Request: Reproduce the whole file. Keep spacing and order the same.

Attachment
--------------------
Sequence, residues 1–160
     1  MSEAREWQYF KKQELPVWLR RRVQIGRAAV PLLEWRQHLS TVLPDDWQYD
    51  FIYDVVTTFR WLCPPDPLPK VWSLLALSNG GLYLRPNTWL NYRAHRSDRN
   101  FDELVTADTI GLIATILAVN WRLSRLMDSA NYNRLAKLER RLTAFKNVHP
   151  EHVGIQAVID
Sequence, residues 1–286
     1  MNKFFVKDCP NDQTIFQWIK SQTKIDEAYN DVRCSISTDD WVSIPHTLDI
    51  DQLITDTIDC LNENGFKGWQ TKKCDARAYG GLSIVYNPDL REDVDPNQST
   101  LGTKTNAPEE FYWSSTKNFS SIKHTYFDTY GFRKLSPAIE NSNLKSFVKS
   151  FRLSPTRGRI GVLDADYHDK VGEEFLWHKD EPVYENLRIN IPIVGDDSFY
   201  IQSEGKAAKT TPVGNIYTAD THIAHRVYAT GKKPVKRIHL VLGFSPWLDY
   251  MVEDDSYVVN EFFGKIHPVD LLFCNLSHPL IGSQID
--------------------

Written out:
Sequence, residues 1–160
     1  MSEAREWQYF KKQELPVWLR RRVQIGRAAV PLLEWRQHLS TVLPDDWQYD
    51  FIYDVVTTFR WLCPPDPLPK VWSLLALSNG GLYLRPNTWL NYRAHRSDRN
   101  FDELVTADTI GLIATILAVN WRLSRLMDSA NYNRLAKLER RLTAFKNVHP
   151  EHVGIQAVID
Sequence, residues 1–286
     1  MNKFFVKDCP NDQTIFQWIK SQTKIDEAYN DVRCSISTDD WVSIPHTLDI
    51  DQLITDTIDC LNENGFKGWQ TKKCDARAYG GLSIVYNPDL REDVDPNQST
   101  LGTKTNAPEE FYWSSTKNFS SIKHTYFDTY GFRKLSPAIE NSNLKSFVKS
   151  FRLSPTRGRI GVLDADYHDK VGEEFLWHKD EPVYENLRIN IPIVGDDSFY
   201  IQSEGKAAKT TPVGNIYTAD THIAHRVYAT GKKPVKRIHL VLGFSPWLDY
   251  MVEDDSYVVN EFFGKIHPVD LLFCNLSHPL IGSQID